There is a simple relationship between the two problems, but it only goes on one side: if you can analyze, then you can recognize. Indeed, if you run the analyzer and it generates a failure, the input is not in the language; if the analyzer produces an analysis tree, the entry is in the language.
Note, however, that an analyzer and an identifier not only solve different problems, but also receive different specifications. An identifier receives a language in abstract form. On the other hand, an analyzer receives a grammar, which not only implicitly defines a language, but also instructs the analyzer how to convert a valid entry into an analysis tree. Since the same language can have many equivalent grammars, it is unclear what it even means to convert an identifier to an analyzer – which grammar should the analyzer use?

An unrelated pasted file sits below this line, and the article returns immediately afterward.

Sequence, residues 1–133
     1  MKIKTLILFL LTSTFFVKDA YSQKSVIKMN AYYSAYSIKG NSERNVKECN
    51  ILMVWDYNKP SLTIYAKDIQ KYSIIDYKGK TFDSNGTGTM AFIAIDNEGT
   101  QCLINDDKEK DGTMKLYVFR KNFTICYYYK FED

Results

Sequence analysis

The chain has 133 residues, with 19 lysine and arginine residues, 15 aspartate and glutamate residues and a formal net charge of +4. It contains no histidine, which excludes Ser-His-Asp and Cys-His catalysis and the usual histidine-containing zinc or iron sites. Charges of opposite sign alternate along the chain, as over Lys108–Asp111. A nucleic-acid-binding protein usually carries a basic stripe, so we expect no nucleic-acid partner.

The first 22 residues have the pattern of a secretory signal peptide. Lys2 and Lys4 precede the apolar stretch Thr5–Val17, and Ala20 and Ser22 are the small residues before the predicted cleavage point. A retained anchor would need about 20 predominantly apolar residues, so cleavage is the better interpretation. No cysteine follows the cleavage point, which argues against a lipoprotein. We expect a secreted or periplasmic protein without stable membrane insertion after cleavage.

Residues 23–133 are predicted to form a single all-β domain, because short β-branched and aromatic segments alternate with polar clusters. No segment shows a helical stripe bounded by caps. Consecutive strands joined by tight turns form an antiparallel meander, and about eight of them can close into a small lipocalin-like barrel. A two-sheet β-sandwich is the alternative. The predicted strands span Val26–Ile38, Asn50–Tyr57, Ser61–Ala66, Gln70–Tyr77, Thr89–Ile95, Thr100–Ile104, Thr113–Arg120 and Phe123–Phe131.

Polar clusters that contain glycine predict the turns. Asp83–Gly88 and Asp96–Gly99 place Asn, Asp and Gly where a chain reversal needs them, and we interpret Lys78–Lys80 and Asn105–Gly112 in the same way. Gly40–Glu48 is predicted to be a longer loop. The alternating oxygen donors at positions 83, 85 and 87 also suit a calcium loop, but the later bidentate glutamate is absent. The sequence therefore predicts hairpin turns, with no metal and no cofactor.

Why are recognition software interesting, then? Precisely because of the one-sided connection, which states that an analyzer can be converted to an identifier. This relationship implies that if your language is difficult to recognize, you will not be able to analyze it (using a certain class of algorithms).